Predictive value of troponin T levels for ischemic heart disease and mortality in patients on hemodialysis

Mario Jose Fernández-Reyes, Carmen Mon, Manuel Heras, Paloma Guevara, Mari Carmen Garcia, Rosa Sanchez, Sonia Velasco, Fernando Alvarez-Ude
Journal of Nephrology 2004, 17 (5): 721-7

BACKGROUND: Serum cardiac troponin T (cTnT) levels are elevated in a high percentage of hemodialysis (HD) patients and as a result, they have been considered low specificity for ischemic heart disease (IHD). Recently, several authors have indicated the value of cTnT as a marker of IHD and left ventricular hypertrophy (LVH), as well as a mortality predictor. We try to establish the value of cTnT as an IHD marker and a mortality predictor in our patients on HD.

SUBJECTS AND METHODS: Fifty-eight HD patients were prospectively studied from October 2000 to April 2002. Clinical and laboratory evaluations, including cTnT, C-reactive protein (CRP) and N terminal fragment of brain natriuretic peptide (pro-BNP) levels, were performed at the beginning of the study and at 6 and 18 months. HD patients with two or more cTnT measurements were classified in four groups: group I with all levels <0.04 ng/mL; group II with all levels between 0.04 and 0.1 ng/mL; group III with all levels >/=0.1 ng/mL; and group IV including those patients in whom cTnT levels increased during follow-up, switching from one group to another (from <0.04 to 0.04-0.1 or from 0.4-0.1 to >0.1 ng/mL).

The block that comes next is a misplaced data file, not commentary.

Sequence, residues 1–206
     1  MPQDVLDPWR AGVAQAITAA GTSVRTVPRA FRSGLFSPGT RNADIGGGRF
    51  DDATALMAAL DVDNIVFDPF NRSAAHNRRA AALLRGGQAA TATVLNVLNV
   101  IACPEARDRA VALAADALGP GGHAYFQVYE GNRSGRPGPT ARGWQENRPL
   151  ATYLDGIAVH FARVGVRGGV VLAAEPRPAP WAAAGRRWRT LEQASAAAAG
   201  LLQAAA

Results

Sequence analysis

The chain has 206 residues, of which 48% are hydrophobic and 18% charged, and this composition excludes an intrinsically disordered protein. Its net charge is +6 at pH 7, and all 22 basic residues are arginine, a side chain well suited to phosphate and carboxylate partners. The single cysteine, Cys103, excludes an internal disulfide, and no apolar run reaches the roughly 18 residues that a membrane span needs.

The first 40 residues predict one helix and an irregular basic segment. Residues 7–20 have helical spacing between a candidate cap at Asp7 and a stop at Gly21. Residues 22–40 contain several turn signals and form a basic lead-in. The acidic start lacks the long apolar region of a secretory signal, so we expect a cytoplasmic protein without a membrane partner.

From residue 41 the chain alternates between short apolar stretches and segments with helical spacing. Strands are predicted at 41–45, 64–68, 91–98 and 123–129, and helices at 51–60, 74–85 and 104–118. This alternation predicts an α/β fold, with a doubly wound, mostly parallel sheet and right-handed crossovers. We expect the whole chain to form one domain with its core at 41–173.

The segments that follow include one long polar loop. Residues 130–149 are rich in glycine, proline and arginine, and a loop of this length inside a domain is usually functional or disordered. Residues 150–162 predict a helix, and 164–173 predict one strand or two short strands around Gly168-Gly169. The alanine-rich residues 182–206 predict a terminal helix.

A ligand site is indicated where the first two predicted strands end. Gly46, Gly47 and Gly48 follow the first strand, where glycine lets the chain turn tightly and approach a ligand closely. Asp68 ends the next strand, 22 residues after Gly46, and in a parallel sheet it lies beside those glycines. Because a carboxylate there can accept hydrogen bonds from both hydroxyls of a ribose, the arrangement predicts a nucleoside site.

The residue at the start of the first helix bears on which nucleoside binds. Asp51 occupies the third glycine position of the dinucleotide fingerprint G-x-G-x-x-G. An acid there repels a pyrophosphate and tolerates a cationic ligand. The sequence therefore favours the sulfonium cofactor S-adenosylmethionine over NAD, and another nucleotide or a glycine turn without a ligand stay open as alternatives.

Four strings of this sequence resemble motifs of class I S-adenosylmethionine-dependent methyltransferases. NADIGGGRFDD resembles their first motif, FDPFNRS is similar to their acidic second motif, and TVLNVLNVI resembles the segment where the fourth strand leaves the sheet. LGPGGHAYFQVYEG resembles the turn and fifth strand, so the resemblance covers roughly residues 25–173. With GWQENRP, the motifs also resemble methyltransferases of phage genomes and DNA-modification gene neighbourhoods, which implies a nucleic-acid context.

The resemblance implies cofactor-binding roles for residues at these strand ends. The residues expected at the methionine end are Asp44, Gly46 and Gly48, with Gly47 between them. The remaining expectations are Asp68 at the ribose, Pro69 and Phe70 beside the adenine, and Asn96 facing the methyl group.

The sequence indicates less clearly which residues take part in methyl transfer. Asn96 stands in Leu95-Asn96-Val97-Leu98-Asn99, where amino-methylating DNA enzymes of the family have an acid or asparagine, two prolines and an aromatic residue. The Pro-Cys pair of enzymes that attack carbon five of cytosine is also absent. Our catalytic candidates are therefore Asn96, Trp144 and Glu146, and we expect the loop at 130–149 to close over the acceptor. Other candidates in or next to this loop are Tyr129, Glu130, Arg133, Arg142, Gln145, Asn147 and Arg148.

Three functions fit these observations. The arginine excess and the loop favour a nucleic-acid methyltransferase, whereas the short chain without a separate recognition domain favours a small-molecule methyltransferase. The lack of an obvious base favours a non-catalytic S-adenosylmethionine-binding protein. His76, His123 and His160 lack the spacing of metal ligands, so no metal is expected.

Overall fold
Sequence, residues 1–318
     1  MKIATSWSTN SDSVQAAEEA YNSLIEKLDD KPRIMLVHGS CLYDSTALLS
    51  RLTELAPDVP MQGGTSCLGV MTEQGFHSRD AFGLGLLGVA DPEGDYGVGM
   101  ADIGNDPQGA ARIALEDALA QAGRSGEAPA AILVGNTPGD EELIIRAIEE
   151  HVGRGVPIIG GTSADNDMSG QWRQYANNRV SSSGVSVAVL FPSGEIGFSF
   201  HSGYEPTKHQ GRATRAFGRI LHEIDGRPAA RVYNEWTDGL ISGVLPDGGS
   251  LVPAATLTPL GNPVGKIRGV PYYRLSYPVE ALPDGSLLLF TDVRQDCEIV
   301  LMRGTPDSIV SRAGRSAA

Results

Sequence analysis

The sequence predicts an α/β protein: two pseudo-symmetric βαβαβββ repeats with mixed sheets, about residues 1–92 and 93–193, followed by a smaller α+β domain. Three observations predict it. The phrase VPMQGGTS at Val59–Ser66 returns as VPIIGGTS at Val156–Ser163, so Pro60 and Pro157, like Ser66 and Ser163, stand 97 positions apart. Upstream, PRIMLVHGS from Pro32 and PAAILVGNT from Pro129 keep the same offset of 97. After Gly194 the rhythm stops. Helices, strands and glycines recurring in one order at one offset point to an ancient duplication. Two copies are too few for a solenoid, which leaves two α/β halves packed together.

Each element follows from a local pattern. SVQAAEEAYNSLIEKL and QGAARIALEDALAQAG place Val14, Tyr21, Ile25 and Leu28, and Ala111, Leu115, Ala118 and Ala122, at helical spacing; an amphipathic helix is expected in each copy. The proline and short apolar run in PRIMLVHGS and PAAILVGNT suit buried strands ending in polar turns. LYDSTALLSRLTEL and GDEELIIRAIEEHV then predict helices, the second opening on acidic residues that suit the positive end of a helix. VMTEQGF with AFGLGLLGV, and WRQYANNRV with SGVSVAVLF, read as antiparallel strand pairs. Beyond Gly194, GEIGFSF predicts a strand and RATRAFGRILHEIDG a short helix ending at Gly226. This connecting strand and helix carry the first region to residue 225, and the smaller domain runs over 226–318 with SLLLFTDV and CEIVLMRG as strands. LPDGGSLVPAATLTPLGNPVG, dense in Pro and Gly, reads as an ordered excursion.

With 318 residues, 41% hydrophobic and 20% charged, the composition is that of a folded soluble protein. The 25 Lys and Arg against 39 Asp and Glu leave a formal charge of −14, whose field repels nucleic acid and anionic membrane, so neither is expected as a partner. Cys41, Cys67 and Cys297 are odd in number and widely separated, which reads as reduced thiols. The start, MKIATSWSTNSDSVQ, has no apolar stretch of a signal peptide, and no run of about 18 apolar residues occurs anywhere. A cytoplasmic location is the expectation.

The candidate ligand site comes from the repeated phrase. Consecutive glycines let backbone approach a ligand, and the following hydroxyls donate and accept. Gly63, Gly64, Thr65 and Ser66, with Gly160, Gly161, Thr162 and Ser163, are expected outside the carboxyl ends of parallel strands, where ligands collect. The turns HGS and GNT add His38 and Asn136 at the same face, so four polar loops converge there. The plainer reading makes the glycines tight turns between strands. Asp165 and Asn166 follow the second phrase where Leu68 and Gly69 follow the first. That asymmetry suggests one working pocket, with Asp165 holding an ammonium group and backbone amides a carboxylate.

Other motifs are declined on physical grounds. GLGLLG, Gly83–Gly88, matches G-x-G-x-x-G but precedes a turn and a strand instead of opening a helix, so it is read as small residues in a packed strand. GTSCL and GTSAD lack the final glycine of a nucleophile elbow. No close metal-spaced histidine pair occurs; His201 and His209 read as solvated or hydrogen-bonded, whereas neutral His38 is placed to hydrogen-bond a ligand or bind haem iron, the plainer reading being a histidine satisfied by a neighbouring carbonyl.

RESULTS: Mean and median cTnT levels were 0.07 +/- 0.09 and 0.04 ng/mL, respectively. Of clinically stable dialysis patients 15.5% had cTnT levels >0.1 ng/mL. In the stepwise multiple regression analysis, the subset of variables best explaining cTnT levels were pro-BNP levels, history of IHD and residual diuresis volume (r2=0.45). The analysis of variance (ANOVA linear regression analysis for repeated measures) showed an increase in cTnT and pro-BNP levels (significantly from 18 months). cTnT and CPR levels were the only variables predicting mortality (Cox's proportional hazards model). When patients were analyzed according to cTnT groups during the follow-up, no patient in group I (n=23) and only one patient in group II (n=11) experienced IHD; three patients in group III (n=12) had been diagnosed with IHD at the start of the study, and five patients in group IV (n=16) developed de novo IHD.

CONCLUSIONS: Of patients on HD 15.5% had cTnT levels >0.1 ng/mL. The main variables associated with cTnT levels were IHD, pro-BNP levels and residual diuresis. cTnT and pro-BNP levels tended to increase with time on dialysis. cTnT together with CRP levels were the best mortality predictors in our HD patients. The stability over time of cTnT levels within normal ranges (<0.1 ng/mL) suggests a very low risk of subsequent IHD development, while a progressive and sustained increase in cTnT levels suggests a high risk of IHD development.

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